Recovery Pathways Are Not Always a Pathway

Dr. Bill Whites’s latest post carries this message: all viable pathways to recovery have not  been “mapped”. Recently, long term recovery frameworks have been coming from every variation possible of the older addiction recovery models. He says, “addiction recovery experience has been sliced and diced in all manner of categories: secular, spiritual, and religious; natural recovery, peer-assisted, and treatment-assisted; and abstinence-based, moderation-based, and medication-assisted, to name just a few. Recovery achieved through any of these frameworks is often referred to as a pathway of recovery. The growing consensus that there are multiple pathways of long-term addiction recovery marks an important public and professional milestone within the alcohol and drug problems arena.”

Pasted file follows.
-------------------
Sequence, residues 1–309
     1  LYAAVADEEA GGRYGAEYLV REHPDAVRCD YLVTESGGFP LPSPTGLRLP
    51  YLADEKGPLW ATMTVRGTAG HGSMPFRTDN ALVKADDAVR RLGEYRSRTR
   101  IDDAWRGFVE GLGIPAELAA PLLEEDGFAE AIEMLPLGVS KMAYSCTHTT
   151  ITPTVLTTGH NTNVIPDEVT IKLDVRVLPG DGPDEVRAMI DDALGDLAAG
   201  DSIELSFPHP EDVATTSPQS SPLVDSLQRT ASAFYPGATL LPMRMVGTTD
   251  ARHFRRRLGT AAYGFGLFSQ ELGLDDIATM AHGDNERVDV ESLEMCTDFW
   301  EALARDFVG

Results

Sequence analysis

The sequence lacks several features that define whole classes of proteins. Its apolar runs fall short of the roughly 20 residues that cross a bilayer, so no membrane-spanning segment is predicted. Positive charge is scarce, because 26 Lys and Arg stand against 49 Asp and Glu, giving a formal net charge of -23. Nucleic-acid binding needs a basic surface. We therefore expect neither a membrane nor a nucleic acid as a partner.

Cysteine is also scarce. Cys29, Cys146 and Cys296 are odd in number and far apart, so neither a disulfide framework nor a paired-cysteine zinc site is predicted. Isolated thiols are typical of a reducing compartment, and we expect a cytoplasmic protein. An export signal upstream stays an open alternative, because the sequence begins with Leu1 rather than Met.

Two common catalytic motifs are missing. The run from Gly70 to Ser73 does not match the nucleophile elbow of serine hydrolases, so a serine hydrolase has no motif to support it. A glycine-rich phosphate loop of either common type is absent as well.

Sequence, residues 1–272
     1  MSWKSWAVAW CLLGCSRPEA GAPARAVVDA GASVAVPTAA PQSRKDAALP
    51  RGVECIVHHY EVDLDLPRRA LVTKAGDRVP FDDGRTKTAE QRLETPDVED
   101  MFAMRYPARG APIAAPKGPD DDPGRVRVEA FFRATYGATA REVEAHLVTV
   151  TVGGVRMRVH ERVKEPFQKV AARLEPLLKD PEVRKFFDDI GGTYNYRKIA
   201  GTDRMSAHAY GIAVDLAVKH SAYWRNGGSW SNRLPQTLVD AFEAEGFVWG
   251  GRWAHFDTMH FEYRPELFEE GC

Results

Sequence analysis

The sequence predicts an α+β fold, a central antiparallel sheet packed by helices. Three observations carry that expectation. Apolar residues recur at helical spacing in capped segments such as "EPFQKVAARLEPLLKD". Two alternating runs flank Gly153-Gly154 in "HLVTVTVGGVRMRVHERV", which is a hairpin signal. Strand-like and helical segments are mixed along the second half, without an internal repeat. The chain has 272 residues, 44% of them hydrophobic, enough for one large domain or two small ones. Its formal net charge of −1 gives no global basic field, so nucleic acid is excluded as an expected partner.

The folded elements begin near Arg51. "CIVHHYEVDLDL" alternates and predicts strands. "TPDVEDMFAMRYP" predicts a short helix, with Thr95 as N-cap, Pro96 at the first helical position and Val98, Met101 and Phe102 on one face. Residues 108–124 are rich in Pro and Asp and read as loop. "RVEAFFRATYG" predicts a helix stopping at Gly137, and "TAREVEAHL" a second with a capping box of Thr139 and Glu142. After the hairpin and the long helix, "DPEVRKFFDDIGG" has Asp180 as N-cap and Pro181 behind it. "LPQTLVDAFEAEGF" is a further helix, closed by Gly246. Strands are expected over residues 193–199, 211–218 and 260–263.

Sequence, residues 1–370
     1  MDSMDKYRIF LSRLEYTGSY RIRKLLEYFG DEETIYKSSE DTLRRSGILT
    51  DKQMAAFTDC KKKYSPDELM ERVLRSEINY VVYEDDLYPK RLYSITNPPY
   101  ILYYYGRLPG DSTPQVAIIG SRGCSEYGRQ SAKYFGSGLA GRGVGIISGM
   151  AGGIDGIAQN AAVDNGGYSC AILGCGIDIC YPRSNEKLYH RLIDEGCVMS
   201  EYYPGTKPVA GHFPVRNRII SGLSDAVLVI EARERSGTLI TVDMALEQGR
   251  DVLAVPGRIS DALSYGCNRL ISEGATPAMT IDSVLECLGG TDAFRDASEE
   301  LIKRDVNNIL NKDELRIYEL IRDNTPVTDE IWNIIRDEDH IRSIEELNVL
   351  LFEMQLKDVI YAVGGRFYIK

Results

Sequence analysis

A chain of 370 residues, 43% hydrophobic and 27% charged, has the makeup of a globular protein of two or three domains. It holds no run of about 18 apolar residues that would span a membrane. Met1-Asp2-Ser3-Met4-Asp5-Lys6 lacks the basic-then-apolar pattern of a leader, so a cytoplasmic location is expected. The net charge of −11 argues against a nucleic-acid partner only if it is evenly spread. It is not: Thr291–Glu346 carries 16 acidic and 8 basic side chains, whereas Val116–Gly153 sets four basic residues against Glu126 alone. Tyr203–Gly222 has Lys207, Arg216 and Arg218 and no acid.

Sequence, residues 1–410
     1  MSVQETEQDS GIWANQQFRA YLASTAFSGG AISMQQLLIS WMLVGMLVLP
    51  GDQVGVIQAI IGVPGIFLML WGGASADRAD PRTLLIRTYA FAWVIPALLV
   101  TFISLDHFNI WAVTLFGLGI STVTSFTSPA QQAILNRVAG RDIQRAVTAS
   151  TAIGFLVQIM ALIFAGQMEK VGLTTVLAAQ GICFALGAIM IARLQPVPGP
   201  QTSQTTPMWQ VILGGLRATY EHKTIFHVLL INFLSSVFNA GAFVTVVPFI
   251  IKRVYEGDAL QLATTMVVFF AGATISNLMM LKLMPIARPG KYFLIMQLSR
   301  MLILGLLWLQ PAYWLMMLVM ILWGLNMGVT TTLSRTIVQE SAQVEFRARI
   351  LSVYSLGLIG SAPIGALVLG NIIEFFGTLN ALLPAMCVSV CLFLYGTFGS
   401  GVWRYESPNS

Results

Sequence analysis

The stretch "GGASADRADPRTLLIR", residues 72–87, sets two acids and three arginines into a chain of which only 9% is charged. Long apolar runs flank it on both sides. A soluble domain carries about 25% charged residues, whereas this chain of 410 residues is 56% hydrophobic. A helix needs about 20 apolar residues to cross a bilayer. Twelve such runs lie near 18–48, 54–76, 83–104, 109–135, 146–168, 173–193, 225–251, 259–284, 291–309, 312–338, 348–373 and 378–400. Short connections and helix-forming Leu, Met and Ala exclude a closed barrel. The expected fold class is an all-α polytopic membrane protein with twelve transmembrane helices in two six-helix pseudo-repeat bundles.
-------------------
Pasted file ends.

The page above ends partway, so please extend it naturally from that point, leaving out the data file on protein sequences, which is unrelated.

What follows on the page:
Bill goes on to say that there are, in most likelihood, many “pathways” to take, including those yet to be explored. In that respect, many of us are explorers of our own pathway. As we step out timidly into something new, we may not feel like Lewis and Clark when we try a variation that has worked for us (except when we dodge the arrows from “old time” 12 steppers).

Those embarking on a new pathway of recovery are more receptive to the less traditional (and even untraditional) ways of persons joining us in our journey. Those with the temerity to join us increases our confidence in a “new” pathway. We become confidentily more outspoken about the richness of experience we all bring to a particular pathway. Vive la difference!

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